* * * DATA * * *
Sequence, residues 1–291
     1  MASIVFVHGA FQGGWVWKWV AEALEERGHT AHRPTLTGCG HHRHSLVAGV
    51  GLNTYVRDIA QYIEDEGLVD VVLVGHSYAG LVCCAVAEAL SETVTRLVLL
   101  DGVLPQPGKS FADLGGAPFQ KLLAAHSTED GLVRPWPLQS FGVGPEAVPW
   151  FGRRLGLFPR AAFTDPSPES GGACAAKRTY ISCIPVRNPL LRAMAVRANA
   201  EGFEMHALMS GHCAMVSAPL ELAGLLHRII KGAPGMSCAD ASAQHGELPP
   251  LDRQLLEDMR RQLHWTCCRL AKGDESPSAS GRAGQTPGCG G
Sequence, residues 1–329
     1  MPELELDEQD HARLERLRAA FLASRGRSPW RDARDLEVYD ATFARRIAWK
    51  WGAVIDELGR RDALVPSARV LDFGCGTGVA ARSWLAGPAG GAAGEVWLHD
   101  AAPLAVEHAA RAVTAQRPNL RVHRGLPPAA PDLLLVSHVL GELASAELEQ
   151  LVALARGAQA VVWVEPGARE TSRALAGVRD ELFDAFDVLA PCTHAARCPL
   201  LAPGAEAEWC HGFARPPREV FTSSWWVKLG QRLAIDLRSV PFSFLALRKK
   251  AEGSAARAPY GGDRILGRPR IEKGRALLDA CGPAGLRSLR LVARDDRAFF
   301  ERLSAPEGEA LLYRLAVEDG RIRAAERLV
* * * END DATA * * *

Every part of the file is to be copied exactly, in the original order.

Sequence, residues 1–291
     1  MASIVFVHGA FQGGWVWKWV AEALEERGHT AHRPTLTGCG HHRHSLVAGV
    51  GLNTYVRDIA QYIEDEGLVD VVLVGHSYAG LVCCAVAEAL SETVTRLVLL
   101  DGVLPQPGKS FADLGGAPFQ KLLAAHSTED GLVRPWPLQS FGVGPEAVPW
   151  FGRRLGLFPR AAFTDPSPES GGACAAKRTY ISCIPVRNPL LRAMAVRANA
   201  EGFEMHALMS GHCAMVSAPL ELAGLLHRII KGAPGMSCAD ASAQHGELPP
   251  LDRQLLEDMR RQLHWTCCRL AKGDESPSAS GRAGQTPGCG G
Sequence, residues 1–329
     1  MPELELDEQD HARLERLRAA FLASRGRSPW RDARDLEVYD ATFARRIAWK
    51  WGAVIDELGR RDALVPSARV LDFGCGTGVA ARSWLAGPAG GAAGEVWLHD
   101  AAPLAVEHAA RAVTAQRPNL RVHRGLPPAA PDLLLVSHVL GELASAELEQ
   151  LVALARGAQA VVWVEPGARE TSRALAGVRD ELFDAFDVLA PCTHAARCPL
   201  LAPGAEAEWC HGFARPPREV FTSSWWVKLG QRLAIDLRSV PFSFLALRKK
   251  AEGSAARAPY GGDRILGRPR IEKGRALLDA CGPAGLRSLR LVARDDRAFF
   301  ERLSAPEGEA LLYRLAVEDG RIRAAERLV